Research Papers

Using acetowhite opacity index for detecting cervical intraepithelial neoplasia

[+] Author Affiliations
Wenjing Li, Sankar Venkataraman, Ulf Gustafsson, Jody C. Oyama

STI Medical Systems, 733 Bishop Street, Honolulu, Hawaii 96813

Daron G. Ferris

Medical College of Georgia, Department of Family Medicine and Obstetrics and Gynecology, Augusta, Georgia 30912

Rich W. Lieberman

University of Michigan Medical School, Department of Pathology and Obstetrics and Gynecology, Ann Arbor, Michigan 48109

J. Biomed. Opt. 14(1), 014020 (February 19, 2009). doi:10.1117/1.3079810
History: Received August 25, 2008; Revised December 11, 2008; Accepted December 19, 2008; Published February 19, 2009
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Cervical intraepithelial neoplasia (CIN) exhibits certain morphologic features that can be identified during a colposcopic exam. Immature metaplastic and dysplastic cervical squamous epithelia turn white after application of acetic acid during the exam. The whitening process occurs visually over several minutes and subjectively helps to discriminate between dysplastic and normal tissue. Digital imaging technologies enable us to assist the physician in analyzing acetowhite (acetic-acid-induced) lesions in a fully automatic way. We report a study designed to measure multiple parameters of the acetowhitening process from two images captured with a digital colposcope. One image is captured before the acetic acid application, and the other is captured after the acetic acid application. The spatial change of the acetowhitening is extracted using color and texture information in the post-acetic-acid image; the temporal change is extracted from the intensity and color changes between the post-acetic-acid and pre-acetic-acid images with an automatic alignment. In particular, we propose an automatic means to calculate an opacity index that indicates the grades of temporal change. The imaging and data analysis system is evaluated with a total of 99 human subjects. The proposed opacity index demonstrates a sensitivity and specificity of 94 and 87%, respectively, for discriminating high-grade dysplasia (CIN2+) from normal and low-grade subjects, considering histology as the gold standard.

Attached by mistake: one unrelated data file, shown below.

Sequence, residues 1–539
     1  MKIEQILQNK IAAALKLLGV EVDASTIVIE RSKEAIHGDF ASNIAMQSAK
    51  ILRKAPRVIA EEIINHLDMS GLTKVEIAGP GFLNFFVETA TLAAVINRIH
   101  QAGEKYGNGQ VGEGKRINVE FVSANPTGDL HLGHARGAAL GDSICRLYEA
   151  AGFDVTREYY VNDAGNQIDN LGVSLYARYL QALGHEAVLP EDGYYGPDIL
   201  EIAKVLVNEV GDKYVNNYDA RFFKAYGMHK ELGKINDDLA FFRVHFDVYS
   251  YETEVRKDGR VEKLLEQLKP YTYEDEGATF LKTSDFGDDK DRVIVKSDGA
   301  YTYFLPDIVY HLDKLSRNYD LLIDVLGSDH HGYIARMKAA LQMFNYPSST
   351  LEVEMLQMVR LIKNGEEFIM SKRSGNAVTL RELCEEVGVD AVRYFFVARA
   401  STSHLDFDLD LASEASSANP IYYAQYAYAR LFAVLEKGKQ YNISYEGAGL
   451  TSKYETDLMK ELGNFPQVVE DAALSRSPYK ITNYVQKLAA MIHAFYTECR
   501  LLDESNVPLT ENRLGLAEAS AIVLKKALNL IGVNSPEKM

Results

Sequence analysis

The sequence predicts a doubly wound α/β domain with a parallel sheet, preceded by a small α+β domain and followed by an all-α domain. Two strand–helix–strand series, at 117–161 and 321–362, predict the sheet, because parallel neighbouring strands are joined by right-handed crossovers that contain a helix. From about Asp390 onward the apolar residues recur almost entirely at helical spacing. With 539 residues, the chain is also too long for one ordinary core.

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© 2009 Society of Photo-Optical Instrumentation Engineers

Citation

Wenjing Li ; Sankar Venkataraman ; Ulf Gustafsson ; Jody C. Oyama ; Daron G. Ferris, et al.
"Using acetowhite opacity index for detecting cervical intraepithelial neoplasia", J. Biomed. Opt. 14(1), 014020 (February 19, 2009). ; http://dx.doi.org/10.1117/1.3079810


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Automated analysis of cervix images to grade the severity of cancer. Conf Proc IEEE Eng Med Biol Soc 2011;2011():3439-42.
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